Roster of Statements


The Survivors Network of those Abused by Priests

SNAP Press Statement

For immediate release: Tuesday, June 22, 2010

Clergy sex abuse victims blast Hartford Catholic church re: financial scandal

Statement by David Clohessy, executive director of SNAP, Survivors Network of those Abused by Priests (314-566-9790)

Once again, top Catholic officials claim their concern for a colleague trumps the well-being of thousands of parishioners who donate and belong to this parish. That's how they explain seven years with no oversight of this now-frustrated parish: because chancery staff thought the pastor was ill.

If the Hartford diocese can't keep track of which pastors are ill, steal money and disband finance councils, it's hard to believe they're being really vigilant about child sex abuse.

For decades, we've seen how church policies about child sex crimes were ignored. Increasingly, in recent years, we're seeing how church policies about finances are being ignored. Sadly, this is what happens in a rigid, ancient, secretive, all-male monarchy with virtually no real oversight or 'checks & balances.'

The next time a priest anywhere disbands a parish finance council, we hope church members will holler and scream until the bishop takes action.

(SNAP, the Survivors Network of those Abused by Priests, is the world's oldest and largest support group for clergy abuse victims. We've been around for 22 years and have more than 9,000 members across the globe. Despite the word "priest" in our title, we have members who were molested by religious figures of all denominations, including nuns, rabbis, bishops, and Protestant ministers. Our website is

Contacts: David Clohessy (314 566 9790 cell, 314 645 5915 home), Barbara Blaine (312-399-4747), Mark Serrano (703-727-4940), Peter Isely (414-429-7259), Barbara Dorris (314-503-0003)

Tuesday, June 22, 2010 3:13 AM EDT

Archdiocese: Accused priest missed financial filings for 7 years


WATERBURY -- Officials at the Roman Catholic Archdiocese of Hartford let the pastor of Sacred Heart Church in Waterbury go for seven years without filing required financial reports because he had a reputation as a sound financial manager and officials believed he suffered from a life-threatening illness.

That priest, the Rev. Kevin J. Gray, is now suspected of stealing $1 million in parish funds.

The archdiocese received no yearly financial reports for any of the years that Gray was the pastor of Sacred Heart-Sagrado Corazon Church. The Rev. John P. Gatzak, a spokesman for the archdiocese, said Gray filed one financial report in 2003, the year he took over Sacred Heart, covering 2002, a year when another priest was heading the church.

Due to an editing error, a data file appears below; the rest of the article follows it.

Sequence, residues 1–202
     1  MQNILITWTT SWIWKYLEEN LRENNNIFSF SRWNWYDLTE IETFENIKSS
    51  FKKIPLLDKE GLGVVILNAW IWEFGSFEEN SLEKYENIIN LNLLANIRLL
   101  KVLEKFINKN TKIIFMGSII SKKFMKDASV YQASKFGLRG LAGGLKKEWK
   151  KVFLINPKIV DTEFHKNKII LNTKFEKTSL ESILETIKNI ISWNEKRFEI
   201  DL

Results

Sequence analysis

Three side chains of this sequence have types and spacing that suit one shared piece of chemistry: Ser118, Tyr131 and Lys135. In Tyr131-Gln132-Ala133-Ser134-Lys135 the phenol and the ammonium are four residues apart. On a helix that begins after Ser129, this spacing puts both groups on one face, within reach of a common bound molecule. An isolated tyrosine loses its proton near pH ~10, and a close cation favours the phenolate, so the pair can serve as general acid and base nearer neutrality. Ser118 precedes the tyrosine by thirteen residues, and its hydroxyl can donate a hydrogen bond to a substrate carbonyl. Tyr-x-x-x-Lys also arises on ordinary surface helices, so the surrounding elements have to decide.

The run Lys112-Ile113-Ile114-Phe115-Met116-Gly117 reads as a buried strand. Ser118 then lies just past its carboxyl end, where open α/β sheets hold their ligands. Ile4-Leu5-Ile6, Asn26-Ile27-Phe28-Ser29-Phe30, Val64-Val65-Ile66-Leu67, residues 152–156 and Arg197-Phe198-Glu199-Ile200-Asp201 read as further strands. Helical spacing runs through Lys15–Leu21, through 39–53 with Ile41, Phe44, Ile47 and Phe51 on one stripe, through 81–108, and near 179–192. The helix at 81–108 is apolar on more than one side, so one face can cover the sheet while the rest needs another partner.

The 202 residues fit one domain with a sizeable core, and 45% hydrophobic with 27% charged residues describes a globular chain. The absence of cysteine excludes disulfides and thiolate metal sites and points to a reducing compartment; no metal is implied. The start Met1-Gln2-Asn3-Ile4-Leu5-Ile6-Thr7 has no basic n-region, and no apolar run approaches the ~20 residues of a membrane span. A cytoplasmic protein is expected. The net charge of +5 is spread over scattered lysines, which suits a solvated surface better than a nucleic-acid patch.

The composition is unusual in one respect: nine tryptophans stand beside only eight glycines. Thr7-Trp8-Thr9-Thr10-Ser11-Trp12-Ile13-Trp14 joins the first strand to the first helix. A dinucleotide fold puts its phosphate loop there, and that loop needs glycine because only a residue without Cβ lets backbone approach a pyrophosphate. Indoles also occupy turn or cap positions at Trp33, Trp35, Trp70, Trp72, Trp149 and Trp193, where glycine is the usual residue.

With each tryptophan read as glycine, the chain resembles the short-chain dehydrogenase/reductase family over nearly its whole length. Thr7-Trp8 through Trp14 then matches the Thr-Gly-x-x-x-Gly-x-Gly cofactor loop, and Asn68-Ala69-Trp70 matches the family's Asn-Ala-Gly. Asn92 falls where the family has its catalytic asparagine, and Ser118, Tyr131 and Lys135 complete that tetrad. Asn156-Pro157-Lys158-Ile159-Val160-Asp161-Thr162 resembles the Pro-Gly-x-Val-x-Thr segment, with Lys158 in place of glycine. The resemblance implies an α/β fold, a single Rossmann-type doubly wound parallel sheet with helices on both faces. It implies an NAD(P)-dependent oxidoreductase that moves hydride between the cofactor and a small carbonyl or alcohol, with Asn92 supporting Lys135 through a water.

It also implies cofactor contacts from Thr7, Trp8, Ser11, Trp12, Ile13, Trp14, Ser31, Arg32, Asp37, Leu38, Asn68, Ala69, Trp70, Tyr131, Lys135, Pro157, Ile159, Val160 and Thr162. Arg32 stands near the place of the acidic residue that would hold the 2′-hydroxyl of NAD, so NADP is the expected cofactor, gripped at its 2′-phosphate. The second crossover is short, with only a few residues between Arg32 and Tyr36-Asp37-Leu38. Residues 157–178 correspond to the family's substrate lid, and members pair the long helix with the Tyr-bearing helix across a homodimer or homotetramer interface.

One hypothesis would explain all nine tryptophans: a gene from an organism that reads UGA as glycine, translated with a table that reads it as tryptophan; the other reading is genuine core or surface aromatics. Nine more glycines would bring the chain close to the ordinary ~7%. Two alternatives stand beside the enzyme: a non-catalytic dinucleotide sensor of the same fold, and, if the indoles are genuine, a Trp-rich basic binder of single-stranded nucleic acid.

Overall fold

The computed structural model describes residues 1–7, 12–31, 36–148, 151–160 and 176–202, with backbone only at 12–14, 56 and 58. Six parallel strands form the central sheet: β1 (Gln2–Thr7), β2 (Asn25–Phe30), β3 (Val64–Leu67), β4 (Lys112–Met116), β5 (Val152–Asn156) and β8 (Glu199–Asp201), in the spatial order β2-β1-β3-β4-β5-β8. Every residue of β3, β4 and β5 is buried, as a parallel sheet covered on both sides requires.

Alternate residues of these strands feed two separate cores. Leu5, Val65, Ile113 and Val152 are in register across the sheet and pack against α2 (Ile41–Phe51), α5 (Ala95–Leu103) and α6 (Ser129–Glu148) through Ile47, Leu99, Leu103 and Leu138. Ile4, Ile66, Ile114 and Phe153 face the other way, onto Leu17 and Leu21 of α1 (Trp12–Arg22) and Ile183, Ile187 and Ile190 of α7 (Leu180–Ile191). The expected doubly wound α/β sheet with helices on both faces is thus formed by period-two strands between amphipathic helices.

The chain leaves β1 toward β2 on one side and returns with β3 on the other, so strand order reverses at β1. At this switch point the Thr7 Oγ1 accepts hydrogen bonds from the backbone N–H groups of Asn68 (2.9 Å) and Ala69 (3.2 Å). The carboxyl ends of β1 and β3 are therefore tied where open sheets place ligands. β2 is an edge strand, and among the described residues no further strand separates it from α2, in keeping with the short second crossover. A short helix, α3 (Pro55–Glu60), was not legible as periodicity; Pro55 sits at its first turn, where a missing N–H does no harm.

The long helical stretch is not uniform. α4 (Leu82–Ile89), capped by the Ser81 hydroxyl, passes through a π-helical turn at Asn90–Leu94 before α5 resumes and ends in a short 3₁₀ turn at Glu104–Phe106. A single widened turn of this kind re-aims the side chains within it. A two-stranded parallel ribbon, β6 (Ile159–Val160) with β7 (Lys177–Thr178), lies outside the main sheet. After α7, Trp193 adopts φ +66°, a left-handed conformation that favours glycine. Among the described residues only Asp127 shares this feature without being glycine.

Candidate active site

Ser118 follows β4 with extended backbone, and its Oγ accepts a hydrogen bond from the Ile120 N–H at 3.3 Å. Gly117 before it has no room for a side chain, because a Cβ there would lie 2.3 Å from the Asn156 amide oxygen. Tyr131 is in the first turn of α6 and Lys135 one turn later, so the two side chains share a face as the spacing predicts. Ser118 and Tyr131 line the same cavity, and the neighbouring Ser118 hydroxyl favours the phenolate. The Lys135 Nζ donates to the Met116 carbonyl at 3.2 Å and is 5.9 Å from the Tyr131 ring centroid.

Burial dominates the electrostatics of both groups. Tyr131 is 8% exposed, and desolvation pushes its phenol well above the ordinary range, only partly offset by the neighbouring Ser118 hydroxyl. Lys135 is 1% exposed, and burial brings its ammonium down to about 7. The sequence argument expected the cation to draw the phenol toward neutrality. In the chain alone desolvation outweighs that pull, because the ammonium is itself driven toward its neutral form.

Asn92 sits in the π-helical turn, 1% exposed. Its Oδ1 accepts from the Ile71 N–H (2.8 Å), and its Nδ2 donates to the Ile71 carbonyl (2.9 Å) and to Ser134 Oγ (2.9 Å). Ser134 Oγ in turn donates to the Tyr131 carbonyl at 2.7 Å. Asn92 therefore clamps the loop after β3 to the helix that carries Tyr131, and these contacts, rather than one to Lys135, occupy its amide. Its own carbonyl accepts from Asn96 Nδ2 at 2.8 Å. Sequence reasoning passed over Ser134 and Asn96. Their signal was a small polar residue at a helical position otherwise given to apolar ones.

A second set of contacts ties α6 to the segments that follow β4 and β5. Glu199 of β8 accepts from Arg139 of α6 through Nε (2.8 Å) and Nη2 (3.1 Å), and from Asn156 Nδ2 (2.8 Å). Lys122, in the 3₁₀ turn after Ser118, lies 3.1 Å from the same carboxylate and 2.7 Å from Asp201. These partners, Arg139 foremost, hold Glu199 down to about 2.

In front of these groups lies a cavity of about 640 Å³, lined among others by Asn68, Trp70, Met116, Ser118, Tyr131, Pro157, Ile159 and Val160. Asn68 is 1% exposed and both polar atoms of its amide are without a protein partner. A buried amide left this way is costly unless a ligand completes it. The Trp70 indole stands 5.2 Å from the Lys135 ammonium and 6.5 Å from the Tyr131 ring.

The archdiocese received no other yearly financial filings from Gray. The statement submitted by Gray in 2003 was not signed by any members of the church's financial council.

"It appears that Father Gray disbanded the financial council" when he took over the church, said Gatzak.

Church canon law requires the church have a financial council. Sacred Heart had no financial council and no parish council during the time Gray was there, Gatzak said.

Gray, 64, has admitted to diverting money from a savings account that would have paid for building renovations and church debt. The archdiocese contacted police after accountants discovered improprieties during a routine review of the church's financial records earlier this year.

Church officials had been trying to review church financial records since July 2009, but were unable to conduct the review until earlier this year.

Gatzak said the archdiocese had given Gray some leeway with submitting yearly financial statements because of his health.

Church officials were under the impression that Gray was suffering from "a life-threatening illness." Parishioners thought Gray had cancer.

"There is reason to believe that he may have not been totally truthful regarding his health situation," Gatzak said.

Gatzak would not elaborate.

Gatzak said another reason Gray was allowed to get away with not filing the financial statements was his work and reputation. He served as priest in Waterbury for more than 20 years, including St. Margaret's Church from 1993 to 2000 and St. Cecilia's Church from 2001 to 2003. St. Cecilia's parishioners became part of Sacred Heart in 2005, increasing the membership to 1,200.

Gatzak said there was no money missing from either St. Margaret's or St. Cecilia's. When a priest takes over a church, part of his job is to go over the financial records of the parish. Records for both those churches were in order.

Survivors Network of those Abused by Priests